barcelona“Remember, drive slowly. There’re little kids living in the neighborhood.”


“Geez, Mom,” the moaning began, accompanied by that well-recalled look, “you’re bugging me!” But knowing my concerns were only out of love, my son wrapped his 27-year-old arms around his mother and proudly declared: “I’m a man now. I know how to drive.”


Four years ago, Tim, the baby of the Haugh dynasty, decided to impersonate Gilligan and took a three-hour tour to Europe only to become shipwrecked in Barcelona, Spain. During those years, he traveled to over 20 countries, visited at least 60 cities, read 110 books, and somehow missed visiting a barber. Looking more like the son of Sasquatches than my child, with his curly hair cascading down his back and face covered with a fur-like substance, he’d had the adventure of a lifetime and was finally home.


“But you haven’t driven a car in all this time,” I began, concerned for his safety.


“Mom! I can handle this.” And out the door, he went.


Long ago, I knew the day would come when I’d have to release my children to the world. After all, they never belonged to me. I was only a conduit placed here on earth to help them find the path they were born to travel. And, despite the fact I’ve known this mentally, I continually struggle in my heart wanting to mother them.


Watching Tim climb into the car, a cyclone of memories swirled through my mind. Off in the distance, I could see my four children on their graduation days, moves from one city to another, explorations to far off countries, and numerous career changes. And despite their overly possessive mother, who loved to act as their shadow double stitched to the sides of their bodies, they’ve magically stood on their own two feet and thrived.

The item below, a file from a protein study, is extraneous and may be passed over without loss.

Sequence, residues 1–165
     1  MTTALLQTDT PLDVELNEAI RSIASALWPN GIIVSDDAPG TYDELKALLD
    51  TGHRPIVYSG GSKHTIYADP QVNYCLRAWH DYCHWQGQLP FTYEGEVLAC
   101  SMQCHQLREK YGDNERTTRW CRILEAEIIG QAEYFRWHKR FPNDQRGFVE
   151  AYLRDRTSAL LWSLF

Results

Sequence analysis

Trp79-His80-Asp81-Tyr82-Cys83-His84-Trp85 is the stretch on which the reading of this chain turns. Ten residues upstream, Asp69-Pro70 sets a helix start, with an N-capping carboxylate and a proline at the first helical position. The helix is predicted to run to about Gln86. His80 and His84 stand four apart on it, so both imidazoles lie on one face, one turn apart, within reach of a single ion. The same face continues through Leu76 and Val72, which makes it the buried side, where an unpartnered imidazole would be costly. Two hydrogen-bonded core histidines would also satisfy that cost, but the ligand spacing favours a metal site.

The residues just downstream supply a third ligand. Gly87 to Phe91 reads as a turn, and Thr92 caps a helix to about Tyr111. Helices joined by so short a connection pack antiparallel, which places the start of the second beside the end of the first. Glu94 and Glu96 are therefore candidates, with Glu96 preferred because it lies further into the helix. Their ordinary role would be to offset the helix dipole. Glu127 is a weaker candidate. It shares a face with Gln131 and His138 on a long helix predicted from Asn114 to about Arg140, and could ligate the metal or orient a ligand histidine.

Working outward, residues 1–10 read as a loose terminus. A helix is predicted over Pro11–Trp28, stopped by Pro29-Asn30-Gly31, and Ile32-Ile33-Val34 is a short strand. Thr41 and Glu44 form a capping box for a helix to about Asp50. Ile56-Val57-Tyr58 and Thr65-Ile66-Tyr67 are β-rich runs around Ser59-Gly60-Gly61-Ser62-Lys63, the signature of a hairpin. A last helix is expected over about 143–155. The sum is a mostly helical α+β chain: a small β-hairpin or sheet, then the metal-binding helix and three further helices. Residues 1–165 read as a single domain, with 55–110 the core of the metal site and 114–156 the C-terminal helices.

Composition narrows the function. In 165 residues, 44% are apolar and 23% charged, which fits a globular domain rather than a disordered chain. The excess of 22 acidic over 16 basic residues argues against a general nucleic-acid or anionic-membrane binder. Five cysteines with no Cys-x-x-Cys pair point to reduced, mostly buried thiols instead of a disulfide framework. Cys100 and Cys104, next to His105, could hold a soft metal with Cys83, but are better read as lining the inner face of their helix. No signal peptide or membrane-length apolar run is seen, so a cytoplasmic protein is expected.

“Why do I always do this when they come home,” I muttered as he drove out of sight. “My mother wasn’t this aggravating.” Or was she?


Clinging to her final days in 2003, Mom and I talked about everything. I wanted our discussions to revolve around her, and her alone, but she constantly circled back to me. I was in the throws of finalizing my divorce, and she was concerned with how I was going to manage on my own without her.


“Mom, I’ll be fine,” I lied, not wanting her to worry.


“Jackie,” she began, a fine mist developing in her beautiful blue eyes. “I’ll always worry. One thing you need to remember, until the day I die, you’re the daughter – and I’m the mother. I’m not just entitled to be concerned; it’s my birthright.”


A week later she was gone.


I’ve often thought of that day when I’m “guiding” my adult children on the dos and don’ts of a safe life, and I struggle to keep my mouth shut, but the reality is when I gave them life, they forever became my reason to worry, my life. Sometimes a mom just can’t help herself.


Later that night, Tim tiptoed in to kiss me, letting me know he was safe. Despite the fact it was 2:00 am, and I wondered where he’d been, I zipped my lips because going forward I had a plan. No longer would I be that annoying voice attached to the shadow taped to his feet. Instead, I plan to unstitch those seams and become a submarine traveling undetected. I want Tim to freely be the incredible man he’s become, but should he fall, rest assured this captain will scream “up periscope!” Like my mother, I’m entitled to worry. It’s my birthright too.